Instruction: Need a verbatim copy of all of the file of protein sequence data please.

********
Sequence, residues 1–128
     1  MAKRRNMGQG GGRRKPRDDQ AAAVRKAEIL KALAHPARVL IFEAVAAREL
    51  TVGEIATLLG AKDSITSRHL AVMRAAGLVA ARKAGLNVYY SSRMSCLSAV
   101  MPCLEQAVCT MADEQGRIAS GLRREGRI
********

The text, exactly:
Sequence, residues 1–128
     1  MAKRRNMGQG GGRRKPRDDQ AAAVRKAEIL KALAHPARVL IFEAVAAREL
    51  TVGEIATLLG AKDSITSRHL AVMRAAGLVA ARKAGLNVYY SSRMSCLSAV
   101  MPCLEQAVCT MADEQGRIAS GLRREGRI